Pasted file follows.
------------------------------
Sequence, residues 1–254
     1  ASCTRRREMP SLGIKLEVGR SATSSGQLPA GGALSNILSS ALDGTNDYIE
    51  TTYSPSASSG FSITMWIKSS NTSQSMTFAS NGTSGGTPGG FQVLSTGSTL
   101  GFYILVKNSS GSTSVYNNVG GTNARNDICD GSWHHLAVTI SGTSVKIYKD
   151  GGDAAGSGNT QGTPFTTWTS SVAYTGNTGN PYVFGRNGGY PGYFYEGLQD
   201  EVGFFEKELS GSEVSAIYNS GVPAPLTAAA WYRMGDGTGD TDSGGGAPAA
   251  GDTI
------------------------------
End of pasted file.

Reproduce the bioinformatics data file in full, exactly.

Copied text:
Sequence, residues 1–254
     1  ASCTRRREMP SLGIKLEVGR SATSSGQLPA GGALSNILSS ALDGTNDYIE
    51  TTYSPSASSG FSITMWIKSS NTSQSMTFAS NGTSGGTPGG FQVLSTGSTL
   101  GFYILVKNSS GSTSVYNNVG GTNARNDICD GSWHHLAVTI SGTSVKIYKD
   151  GGDAAGSGNT QGTPFTTWTS SVAYTGNTGN PYVFGRNGGY PGYFYEGLQD
   201  EVGFFEKELS GSEVSAIYNS GVPAPLTAAA WYRMGDGTGD TDSGGGAPAA
   251  GDTI